I can’t lie, yeah, it’s hella scary, especially when there’s loads of decent skaters and I couldn’t even push and roll properly. But at the Bumps it isn’t a judgey scene, I was there one time trying to get my rock fakies while a load of skaters I didn’t know were hanging, drinking and occasionally watching me try and land this trick. They ended up hyping me up so much, I was like shit, no one cares that I’m shit, just that you are putting in the time. One of them came up to me a couple times and gave me tips too. And that’s what it’s been like ever since, I go for a roll, meet new people and end up skating with them.
There it’s an inclusive scene, full of so many different people with different energies and that’s why I felt like I fell in perfectly to it. You’re constantly pushing yourself to get better, moving onto other tricks and even doing ones I haven’t done before – gets my heart racing. But that’s why I love it. Pushing myself and overcoming my fears.
What do you get out of skateboarding the most?
It’s my therapy, it gives me freedom and challenges me to push myself and take risks. Having a more ‘just do it’ mentality. It’s made me a stronger, more confident female. I think this is the first time in my life I am comfortable outside of my family zone, that I feel like me; proud to be me and comfortable being me. I sometimes get annoyed at myself for not starting sooner, but I take solace in that everything happens for a reason and at that right moment in time.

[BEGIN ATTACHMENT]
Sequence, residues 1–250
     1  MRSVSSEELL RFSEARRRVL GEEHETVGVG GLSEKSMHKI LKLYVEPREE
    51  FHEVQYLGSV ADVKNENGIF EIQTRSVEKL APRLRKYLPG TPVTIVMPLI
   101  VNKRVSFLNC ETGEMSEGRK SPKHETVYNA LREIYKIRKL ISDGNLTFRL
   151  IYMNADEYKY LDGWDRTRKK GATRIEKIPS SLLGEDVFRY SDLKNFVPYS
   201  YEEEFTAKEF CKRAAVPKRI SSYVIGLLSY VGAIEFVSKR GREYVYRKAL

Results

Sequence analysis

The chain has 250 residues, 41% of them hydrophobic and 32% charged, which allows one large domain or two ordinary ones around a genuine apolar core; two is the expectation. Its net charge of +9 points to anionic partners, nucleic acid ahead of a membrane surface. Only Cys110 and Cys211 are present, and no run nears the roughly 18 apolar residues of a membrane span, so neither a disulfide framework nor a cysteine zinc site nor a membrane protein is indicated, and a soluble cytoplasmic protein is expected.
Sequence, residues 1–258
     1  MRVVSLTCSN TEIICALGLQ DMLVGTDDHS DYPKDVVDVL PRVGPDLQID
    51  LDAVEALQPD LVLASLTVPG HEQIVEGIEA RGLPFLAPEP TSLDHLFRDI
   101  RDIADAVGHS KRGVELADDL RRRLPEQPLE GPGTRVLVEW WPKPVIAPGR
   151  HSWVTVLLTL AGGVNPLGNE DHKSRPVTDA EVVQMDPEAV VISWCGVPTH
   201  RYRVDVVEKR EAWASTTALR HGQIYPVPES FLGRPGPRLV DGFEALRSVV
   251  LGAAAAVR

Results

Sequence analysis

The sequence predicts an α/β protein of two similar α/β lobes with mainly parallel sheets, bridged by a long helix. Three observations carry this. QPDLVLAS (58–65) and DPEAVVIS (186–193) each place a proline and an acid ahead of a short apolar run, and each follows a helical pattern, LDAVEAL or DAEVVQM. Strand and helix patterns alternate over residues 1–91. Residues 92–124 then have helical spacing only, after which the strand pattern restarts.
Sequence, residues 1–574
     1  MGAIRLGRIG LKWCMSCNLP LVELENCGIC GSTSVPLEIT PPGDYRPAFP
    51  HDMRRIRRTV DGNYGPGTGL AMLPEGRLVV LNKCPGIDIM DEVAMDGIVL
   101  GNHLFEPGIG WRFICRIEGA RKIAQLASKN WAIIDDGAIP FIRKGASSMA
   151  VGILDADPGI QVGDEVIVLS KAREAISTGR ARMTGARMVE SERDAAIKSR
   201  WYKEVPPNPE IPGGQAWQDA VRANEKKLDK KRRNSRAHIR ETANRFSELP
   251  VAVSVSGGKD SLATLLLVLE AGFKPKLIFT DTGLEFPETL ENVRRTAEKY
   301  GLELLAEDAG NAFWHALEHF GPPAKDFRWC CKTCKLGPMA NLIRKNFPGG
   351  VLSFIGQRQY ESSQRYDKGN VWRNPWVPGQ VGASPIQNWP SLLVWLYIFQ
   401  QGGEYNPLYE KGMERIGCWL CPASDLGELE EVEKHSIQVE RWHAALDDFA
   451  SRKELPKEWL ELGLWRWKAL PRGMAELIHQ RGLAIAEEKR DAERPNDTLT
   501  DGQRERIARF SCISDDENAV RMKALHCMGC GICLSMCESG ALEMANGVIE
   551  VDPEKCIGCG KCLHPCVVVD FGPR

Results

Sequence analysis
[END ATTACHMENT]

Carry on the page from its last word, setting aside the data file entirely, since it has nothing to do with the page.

Paving a space for women in a historically male-dominated scene has always been tricky – do you think about the fact that you’re doing your bit in paving a way for greater inclusivity in skating?
Ha, I hope so, but ask me that in a couple years when I am actually better on a board, then I’d probably say yes.
What advice would you give to females who want to get into skateboarding but might not have the confidence?
The only thing I can really say is get a board and get on it. Confidence will come. You just need courage to try it out and keep going. Once you start, you’ll figure it out and find others around to hype you. There are so many female crews now, a lot of them have a social presence, so don’t be afraid to give them a message and meet them.
Where will your skateboarding take you next?
Waiting for that sun to hit so I can go back to getting that vitamin D hit and skating every day. We’ve got some exciting collabs and builds lined up at the Bumps. I’m also hoping to get out to India to see fam and do a trip with the crew as there are some great skate spots out there – maybe even get a build in too.